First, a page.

Spanish football fans have urged heartbroken Matildas fans to get behind La Roja in the Women’s World Cup grand final on Sunday to take revenge against England.

Some Spanish fans living in Australia say despite cultural ties to England, the transition from Matildas fan to La Roja fan for one night will be easy, thanks to similar fan colours, relatable cultural traits and Australia’s long-standing sporting rivalries.

But revenge is the best reason to back Spain, according to Spanish fan and University of New South Wales (UNSW) football coach Guillermo Rubio, as well as Spain’s more enjoyable playing style.

Rubio coaches the UNSW Women’s team and works at the Spanish consulate in Sydney.

A man wearing an Australia-branded cap at a football stadium

Matildas fans should support Spain to get back at England, Guillermo Rubio says.(Supplied: Guillermo Rubio)

“It’s really nice to watch possession-based game and so for real football fans, I think it’s more enjoyable,” Mr Rubio said.

“Losing to England … probably they want to take revenge on them and see them out.”

Sydney-based talent manager Juanfra Delgado also says the Spanish playing style is the best reason to back La Roja.

He names Alexia Putellas, the Spanish midfielder wearing number 11, as the main player to watch.

Putellas has won football’s most prestigious prize, the Ballon d’Or, twice in a row.

Two female soccer players battling for the ball on field.

Alexia Putellas (left) is one for new fans of Spain to embrace.(AP: Abbie Parr)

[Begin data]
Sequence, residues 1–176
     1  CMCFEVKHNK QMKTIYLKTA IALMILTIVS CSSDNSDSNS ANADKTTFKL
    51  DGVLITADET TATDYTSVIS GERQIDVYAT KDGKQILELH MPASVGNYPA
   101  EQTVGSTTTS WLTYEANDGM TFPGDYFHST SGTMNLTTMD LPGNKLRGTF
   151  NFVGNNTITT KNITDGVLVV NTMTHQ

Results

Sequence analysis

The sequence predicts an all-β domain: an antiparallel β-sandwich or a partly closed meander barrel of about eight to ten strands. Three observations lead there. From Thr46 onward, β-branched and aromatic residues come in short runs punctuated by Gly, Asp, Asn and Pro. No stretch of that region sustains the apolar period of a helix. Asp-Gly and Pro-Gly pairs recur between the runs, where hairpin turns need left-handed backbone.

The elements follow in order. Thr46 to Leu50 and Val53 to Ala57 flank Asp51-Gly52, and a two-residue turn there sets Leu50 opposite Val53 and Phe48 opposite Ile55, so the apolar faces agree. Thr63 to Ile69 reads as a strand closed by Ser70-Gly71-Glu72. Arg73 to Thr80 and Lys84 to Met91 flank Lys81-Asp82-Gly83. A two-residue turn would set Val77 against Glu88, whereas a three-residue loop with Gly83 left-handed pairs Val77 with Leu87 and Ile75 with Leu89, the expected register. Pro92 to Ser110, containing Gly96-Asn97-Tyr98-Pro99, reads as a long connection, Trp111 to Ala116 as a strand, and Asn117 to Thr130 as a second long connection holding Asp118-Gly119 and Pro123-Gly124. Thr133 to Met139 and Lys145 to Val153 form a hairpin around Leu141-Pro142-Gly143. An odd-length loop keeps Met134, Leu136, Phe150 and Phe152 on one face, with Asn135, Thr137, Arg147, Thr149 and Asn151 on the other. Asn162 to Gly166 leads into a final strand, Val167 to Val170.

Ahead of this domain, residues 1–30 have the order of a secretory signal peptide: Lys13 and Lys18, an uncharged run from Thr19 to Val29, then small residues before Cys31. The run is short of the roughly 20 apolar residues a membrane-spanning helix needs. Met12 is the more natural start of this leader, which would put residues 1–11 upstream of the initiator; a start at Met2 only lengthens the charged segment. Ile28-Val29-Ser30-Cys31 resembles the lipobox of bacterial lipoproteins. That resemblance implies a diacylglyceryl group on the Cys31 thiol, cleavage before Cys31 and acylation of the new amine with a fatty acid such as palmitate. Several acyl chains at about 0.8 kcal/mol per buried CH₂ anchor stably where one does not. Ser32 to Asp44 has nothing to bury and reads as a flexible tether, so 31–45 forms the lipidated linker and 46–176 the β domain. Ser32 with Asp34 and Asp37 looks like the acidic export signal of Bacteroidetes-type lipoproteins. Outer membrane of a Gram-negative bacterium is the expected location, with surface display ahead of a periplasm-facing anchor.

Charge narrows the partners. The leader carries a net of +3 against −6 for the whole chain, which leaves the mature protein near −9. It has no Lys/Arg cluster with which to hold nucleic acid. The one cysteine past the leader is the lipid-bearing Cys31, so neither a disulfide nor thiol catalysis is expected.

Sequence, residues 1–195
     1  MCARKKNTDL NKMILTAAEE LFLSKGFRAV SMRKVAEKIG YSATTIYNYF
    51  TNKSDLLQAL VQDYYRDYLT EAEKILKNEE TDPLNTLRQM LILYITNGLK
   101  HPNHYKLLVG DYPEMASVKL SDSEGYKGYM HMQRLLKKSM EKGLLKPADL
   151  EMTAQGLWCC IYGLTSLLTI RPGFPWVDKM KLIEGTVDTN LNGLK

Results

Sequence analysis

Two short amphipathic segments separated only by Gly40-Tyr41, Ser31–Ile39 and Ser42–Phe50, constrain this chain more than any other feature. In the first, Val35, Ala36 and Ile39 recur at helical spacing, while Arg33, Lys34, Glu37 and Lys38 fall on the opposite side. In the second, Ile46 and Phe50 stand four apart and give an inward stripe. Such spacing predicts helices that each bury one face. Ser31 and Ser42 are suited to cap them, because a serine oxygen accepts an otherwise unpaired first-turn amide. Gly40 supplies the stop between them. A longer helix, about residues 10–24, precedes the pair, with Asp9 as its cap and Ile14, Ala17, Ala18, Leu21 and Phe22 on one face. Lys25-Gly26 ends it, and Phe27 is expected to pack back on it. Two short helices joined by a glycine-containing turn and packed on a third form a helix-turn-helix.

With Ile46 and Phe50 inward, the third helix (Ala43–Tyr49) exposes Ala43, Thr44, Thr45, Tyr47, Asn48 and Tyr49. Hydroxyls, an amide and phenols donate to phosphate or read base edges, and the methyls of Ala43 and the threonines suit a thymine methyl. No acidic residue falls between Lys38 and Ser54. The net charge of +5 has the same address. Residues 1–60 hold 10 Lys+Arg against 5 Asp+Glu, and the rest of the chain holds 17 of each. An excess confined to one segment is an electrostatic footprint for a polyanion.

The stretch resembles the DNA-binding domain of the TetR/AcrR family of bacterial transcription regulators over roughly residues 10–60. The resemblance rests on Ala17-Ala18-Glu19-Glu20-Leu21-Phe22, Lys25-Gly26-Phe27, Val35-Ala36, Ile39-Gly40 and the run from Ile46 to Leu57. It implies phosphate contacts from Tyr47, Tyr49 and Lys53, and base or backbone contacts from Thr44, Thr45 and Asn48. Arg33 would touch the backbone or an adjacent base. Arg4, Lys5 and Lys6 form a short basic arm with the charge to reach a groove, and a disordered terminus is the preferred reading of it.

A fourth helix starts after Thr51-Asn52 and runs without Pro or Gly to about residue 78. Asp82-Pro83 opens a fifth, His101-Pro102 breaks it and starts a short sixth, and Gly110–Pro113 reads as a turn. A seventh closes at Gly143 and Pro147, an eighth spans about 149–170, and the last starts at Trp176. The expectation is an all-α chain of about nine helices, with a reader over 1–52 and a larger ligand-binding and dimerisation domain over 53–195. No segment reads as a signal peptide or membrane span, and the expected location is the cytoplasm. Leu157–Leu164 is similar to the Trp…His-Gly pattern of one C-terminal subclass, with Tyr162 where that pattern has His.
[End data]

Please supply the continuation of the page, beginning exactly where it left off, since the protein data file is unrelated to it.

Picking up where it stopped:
“They know how to play football and they have very good technique. They have very good feet,” Mr Delgado said.

“Trust me — if they [Matildas fans] go for Spain, they will watch good football, they’ll cheer for good football.”

Passionate fans and simple chants

Like “Aussie, Aussie, Aussie”, Spanish chants are straightforward, according to the director of the Spanish cultural organisation Instituto Cervantes.

A man wearing a red Spain-branded t-shirt holds his fist up

Spain plays an impressive brand of football, Mr Delgado says.(Supplied: Juanfra Delgado)

Coral Martinez Iscar says the main one is “yo soy español, español, español” which is repeated over and over and simply means “I am Spanish”.

There’s also “Oé, oé, oé”, which sounds like the “Olé, olé, olé” chant sung by many teams around the world, particularly those from Latin America.

While La Roja primarily wears red, the Spanish flag is red and yellow.

This makes the Matildas’ mostly yellow shirts a fitting supporter outfit if you add some red, Ms Iscar says.

A woman standing with flag of Spain in a library

Ms Iscar suggests putting some red on your face with your yellow Matildas jersey.(ABC Radio Sydney: Declan Bowring)

“[It’s] pretty close. But you have to add some red to that,” she says.

“Put on some red and your best smile and have a good time — that is basically what all Spaniards will do.”

Relatable, laid-back cultures

Fans should consider that Spanish and Australian cultures are generally laid back too, says John Gallego, who runs cultural events with Instituto Cervantes.

“We try to enjoy life. I mean, it’s very important to work, but we don’t live to work,” Mr Gallego said.

A man smiling next to a flag of Spain in a library

Mr Gallego says switching support to Spain won’t be hard for Matildas fans.(ABC Radio Sydney: Declan Bowring)

Originally from Spain, Mr Gallego became an Australian citizen in 2020 and felt heartbreak watching the semi-final on Wednesday night.

He says this game and the well-established rivalry with England in cricket and rugby makes Spain an easy choice for Matildas fans.

“There is such a traditional rivalry on the sporting field between Australia and England, you probably won’t [have] a great deal of difficulty converting Australian fans into Spanish supporters,” he says.

“I understand that Australia comes from English background, but that doesn’t mean Australia has to support England.”